This famous manuscript of the Divine Comedy is known as Dante Gradenighiano or Gradonighiano after the fourteenth-century Venetian noble Giacomo Gradenigo, a diplomatic, highly literate and fine poet, who composed and wrote the text of the codex. Giacomo Gradenigo copied the Divine Comedy enriching the poem with an original commentary and verses by Meneghino Menzani, Jacopo Alighieri and Giovanni Boccaccio.
Gradenigo’s comments on the Comedy constituted an upgraded form of the influential commentary written by Jacopo della Lana. An acrostic contained in the manuscript reveals “Iacomo Gradonico” as the author and copist of the codex.
The Decorative Apparatus of the Dante Gradenighiano
The manuscript misses some verses in each of the three sections of the Divine Comedy entitled Inferno, Purgatorio and Paradiso. Thanks to Gradenigo's extensive commentary, the codex Gradenighiano represents an important witness of the cult of Dante in the area of the Venetian region.
Along with the commentary, the codex bears a refined decoration in small miniatures. The opening illumination depicts Dante and Virgil and it is followed by 23 delicate pen drawings with watercolor decoration. The identity of the illuminators at work on this manuscript is matter of debate.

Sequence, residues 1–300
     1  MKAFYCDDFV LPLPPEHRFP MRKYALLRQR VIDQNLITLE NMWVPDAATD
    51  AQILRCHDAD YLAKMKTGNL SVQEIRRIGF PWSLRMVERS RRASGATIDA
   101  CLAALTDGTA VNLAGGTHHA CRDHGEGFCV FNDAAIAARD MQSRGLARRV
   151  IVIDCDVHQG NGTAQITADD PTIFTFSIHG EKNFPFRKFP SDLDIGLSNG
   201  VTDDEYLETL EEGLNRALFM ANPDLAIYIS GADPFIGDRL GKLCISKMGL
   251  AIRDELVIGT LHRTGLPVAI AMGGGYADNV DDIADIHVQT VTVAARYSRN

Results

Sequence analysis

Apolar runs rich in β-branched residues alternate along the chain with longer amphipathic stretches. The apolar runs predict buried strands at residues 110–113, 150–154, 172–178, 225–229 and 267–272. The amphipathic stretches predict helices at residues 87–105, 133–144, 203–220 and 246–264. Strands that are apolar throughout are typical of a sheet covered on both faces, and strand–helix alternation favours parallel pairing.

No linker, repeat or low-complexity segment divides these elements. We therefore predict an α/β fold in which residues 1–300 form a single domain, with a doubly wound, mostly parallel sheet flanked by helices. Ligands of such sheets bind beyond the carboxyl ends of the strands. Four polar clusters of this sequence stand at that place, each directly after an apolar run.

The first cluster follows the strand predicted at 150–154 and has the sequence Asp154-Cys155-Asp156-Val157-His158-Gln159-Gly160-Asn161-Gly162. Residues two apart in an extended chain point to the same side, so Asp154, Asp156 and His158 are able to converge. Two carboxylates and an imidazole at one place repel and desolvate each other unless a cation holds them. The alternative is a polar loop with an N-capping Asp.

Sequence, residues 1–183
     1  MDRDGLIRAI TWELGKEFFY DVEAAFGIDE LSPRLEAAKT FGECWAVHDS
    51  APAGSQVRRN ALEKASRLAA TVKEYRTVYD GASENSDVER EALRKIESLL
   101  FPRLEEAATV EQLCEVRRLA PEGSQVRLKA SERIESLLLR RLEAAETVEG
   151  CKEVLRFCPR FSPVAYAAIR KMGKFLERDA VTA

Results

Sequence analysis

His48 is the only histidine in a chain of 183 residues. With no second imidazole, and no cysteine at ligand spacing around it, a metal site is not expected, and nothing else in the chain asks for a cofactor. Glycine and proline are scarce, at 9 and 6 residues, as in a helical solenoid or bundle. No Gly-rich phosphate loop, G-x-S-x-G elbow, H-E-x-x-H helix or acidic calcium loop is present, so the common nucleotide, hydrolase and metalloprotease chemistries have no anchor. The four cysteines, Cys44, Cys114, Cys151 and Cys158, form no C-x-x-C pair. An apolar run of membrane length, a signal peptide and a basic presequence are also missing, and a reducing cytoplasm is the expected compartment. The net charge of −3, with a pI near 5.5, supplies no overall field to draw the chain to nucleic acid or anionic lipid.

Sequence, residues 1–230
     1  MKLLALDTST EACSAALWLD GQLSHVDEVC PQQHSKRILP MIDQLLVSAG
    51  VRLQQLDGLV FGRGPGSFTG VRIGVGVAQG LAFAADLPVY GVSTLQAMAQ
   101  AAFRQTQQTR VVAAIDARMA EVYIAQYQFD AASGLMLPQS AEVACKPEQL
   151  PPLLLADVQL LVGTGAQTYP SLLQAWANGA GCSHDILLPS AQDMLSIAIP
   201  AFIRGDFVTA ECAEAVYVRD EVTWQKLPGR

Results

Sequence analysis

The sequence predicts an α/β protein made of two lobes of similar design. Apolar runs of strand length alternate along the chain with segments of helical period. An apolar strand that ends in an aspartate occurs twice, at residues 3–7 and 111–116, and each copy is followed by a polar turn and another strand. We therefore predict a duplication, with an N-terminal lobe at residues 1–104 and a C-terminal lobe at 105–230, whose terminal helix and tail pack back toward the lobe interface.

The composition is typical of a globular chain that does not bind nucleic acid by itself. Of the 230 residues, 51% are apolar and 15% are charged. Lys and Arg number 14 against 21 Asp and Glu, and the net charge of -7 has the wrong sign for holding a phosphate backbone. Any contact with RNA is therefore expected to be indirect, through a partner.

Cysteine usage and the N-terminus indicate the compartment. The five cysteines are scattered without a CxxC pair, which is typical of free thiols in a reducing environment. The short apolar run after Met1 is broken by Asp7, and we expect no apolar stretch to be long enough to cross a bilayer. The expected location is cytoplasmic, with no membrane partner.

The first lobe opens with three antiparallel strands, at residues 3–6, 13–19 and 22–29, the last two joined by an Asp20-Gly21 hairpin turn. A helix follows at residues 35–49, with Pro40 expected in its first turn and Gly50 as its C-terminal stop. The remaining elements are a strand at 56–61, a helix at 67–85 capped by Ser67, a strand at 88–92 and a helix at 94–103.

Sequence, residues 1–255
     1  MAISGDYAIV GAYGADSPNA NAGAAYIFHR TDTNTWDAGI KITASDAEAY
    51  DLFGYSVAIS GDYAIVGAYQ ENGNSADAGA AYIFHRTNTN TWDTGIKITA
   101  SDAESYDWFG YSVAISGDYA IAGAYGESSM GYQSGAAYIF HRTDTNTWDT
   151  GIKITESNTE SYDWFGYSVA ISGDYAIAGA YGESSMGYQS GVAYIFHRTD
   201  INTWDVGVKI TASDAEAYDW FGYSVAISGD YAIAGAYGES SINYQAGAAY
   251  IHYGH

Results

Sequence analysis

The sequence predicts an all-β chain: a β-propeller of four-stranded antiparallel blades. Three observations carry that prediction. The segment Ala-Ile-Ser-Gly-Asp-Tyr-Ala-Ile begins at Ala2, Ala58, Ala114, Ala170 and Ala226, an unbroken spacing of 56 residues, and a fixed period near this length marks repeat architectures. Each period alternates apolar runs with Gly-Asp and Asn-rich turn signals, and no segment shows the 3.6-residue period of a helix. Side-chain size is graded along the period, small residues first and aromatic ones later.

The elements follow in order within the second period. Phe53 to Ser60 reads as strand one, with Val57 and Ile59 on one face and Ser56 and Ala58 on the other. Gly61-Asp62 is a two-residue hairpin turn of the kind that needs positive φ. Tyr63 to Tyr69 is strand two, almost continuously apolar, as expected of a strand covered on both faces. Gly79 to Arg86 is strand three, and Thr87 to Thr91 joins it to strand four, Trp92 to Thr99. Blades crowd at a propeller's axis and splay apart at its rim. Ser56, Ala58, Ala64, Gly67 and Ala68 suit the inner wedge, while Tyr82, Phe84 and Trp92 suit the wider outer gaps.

The most refined quality of the first miniature in comparison with the less detailed drawings that follow, suggest that more than one artist realized the codex. There is general agreement on the fact that the illuminator would have been active in the circles of Padua, displaying a style close to the Master of the Initials of Brussels.
The Owners of the Dante Gradenighiano and the Original Recipt of the Manuscript
Remarkable information on the original aspect of the codex and its costs are contained in the manuscript. A note written by Gradenigo on the flyleaf at the end of the book provides unique information about the price of the 24 miniatures, the binding and the parchment, which costed 74 lire and 15 soldi.
The binding is attributed to a certain Cerbero who worked at the University of Padua. Cerbero provides evidence of the localization of the manuscript in Padua when Gradenigo visited the city in the last decade of the fourteenth century.
The manuscript represents the coat of arms of the Sanudo family (fol. 2r) along with the emblems of Giacomo Gradenigo. As it is usual in manuscripts, the arms of the Sanudo were painted over the original emblem of Gradenigo. The codex, after being in the hands of Giacomo Gradenigo, passed on to the Sanudo family who made their arms visible at the opening of the book.